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Regression to Normal Glucose Regulation in American Indians and Alaska Natives of a Diabetes Prevention Program.

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This study evaluated whether regression from impaired glucose regulation (IGR) to normal glucose regulation (NGR) after 1 year of a lifestyle intervention reduces diabetes risk in American Indians and Alaska Natives (AI/ANs). In addition, we sought to identify predictors for regression to NGR and understand possible mechanisms for the association between NGR and future diabetes risk.

Research design and methods

Data from participants enrolled from 2006 to 2009 in the Special Diabetes Program for Indians Diabetes Prevention Program with IGR at baseline and an oral glucose tolerance test at year 1 were analyzed (N = 1,443). Cox regression models were used to estimate the subsequent diabetes risk (year 1 to year 3) by year 1 glucose status. Mediation analysis was used to estimate the proportions of the association between year 1 glycemic status and diabetes risk explained by specific factors.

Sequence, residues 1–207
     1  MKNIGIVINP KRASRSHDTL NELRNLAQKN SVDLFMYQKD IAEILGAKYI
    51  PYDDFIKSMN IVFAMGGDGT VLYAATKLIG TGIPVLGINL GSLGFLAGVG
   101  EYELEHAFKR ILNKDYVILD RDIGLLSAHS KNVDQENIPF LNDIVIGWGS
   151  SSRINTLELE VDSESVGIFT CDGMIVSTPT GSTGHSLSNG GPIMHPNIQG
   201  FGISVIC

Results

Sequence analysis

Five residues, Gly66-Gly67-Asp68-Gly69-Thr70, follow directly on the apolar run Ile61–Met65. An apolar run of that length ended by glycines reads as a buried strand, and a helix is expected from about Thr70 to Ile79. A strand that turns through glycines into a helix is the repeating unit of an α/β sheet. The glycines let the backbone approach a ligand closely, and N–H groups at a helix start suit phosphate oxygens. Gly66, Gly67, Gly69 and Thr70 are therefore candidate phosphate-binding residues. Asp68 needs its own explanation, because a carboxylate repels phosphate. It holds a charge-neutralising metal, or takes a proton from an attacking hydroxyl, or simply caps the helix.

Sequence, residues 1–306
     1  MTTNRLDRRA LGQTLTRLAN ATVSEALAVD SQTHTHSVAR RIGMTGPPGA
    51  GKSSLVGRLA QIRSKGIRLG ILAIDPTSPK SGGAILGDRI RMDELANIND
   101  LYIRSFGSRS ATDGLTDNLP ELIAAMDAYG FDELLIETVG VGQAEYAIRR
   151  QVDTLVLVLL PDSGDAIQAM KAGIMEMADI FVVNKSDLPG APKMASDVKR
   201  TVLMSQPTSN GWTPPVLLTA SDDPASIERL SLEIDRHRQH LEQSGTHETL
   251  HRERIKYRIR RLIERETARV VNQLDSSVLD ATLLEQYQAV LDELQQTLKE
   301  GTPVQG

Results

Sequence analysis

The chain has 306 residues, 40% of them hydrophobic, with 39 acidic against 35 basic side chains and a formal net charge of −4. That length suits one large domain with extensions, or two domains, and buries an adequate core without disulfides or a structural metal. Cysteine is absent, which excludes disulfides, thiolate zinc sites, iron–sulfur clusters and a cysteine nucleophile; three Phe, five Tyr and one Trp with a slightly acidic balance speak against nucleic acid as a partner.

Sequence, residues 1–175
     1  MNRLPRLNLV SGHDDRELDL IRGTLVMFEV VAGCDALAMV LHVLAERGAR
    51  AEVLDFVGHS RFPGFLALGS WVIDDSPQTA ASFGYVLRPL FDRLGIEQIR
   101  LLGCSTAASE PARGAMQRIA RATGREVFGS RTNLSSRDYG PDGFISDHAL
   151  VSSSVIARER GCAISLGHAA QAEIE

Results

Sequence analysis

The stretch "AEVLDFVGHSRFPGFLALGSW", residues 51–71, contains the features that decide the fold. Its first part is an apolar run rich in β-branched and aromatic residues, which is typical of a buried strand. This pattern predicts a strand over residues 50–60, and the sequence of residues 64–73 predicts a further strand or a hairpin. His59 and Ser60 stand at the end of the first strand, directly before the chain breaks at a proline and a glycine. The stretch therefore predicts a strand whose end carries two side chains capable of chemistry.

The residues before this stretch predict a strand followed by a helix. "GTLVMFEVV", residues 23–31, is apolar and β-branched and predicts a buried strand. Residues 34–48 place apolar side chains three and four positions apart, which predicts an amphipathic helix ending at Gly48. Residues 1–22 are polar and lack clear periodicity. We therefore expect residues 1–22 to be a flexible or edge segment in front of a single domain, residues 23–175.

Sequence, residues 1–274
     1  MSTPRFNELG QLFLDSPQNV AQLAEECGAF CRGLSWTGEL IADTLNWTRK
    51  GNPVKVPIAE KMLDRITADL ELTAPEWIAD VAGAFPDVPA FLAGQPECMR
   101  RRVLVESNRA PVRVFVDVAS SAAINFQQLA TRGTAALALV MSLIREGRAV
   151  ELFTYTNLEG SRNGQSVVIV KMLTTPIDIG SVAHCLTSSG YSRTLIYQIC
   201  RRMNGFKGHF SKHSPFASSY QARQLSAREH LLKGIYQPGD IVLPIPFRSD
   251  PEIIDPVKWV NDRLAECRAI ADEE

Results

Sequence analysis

Those who reverted to NGR at year 1 (38%) had lower diabetes risk than those with sustained IGR (adjusted hazard ratio 0.28, 95% CI 0.12-0.67). The lower risk associated with regression to NGR was explained by both baseline risk factors and differences in weight loss. Metformin use, weight loss, and an increase in exercise were modifiable risk factors associated with higher odds of regression to NGR.


Patients with prediabetes who reverted to NGR had a reduced risk of developing type 2 diabetes over the next 2 years. Both baseline and modifiable risk factors explained the risk reduction associated with NGR.

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